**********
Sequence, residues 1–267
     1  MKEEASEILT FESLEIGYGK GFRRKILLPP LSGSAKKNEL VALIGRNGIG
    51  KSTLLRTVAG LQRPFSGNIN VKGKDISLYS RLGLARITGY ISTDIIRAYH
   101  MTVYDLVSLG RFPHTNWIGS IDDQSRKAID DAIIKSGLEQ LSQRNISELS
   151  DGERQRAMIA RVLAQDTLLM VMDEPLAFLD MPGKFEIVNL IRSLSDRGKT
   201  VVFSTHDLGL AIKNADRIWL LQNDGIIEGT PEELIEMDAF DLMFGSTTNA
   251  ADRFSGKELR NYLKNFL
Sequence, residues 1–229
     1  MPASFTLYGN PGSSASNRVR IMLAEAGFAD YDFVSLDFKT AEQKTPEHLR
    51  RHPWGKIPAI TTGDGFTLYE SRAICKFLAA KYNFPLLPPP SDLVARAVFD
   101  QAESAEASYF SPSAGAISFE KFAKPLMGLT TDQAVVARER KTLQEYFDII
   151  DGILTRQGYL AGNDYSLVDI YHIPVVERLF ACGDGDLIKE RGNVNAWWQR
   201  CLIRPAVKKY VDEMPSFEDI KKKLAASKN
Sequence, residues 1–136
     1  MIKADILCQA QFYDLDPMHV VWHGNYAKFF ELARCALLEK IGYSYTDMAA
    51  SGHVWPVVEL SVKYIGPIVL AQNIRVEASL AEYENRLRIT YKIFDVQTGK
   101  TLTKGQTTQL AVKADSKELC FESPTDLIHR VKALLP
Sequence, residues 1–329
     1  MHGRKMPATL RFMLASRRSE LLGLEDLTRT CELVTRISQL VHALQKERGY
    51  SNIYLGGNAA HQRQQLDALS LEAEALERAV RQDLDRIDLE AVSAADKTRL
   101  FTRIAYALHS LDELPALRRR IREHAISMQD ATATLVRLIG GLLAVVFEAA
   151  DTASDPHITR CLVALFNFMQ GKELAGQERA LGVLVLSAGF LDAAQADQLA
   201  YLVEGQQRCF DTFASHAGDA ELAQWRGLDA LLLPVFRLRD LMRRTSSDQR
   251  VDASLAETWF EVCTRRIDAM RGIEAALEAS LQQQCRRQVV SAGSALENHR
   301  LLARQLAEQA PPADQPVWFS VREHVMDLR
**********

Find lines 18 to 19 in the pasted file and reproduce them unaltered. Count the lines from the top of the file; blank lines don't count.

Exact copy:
Sequence, residues 1–329
     1  MHGRKMPATL RFMLASRRSE LLGLEDLTRT CELVTRISQL VHALQKERGY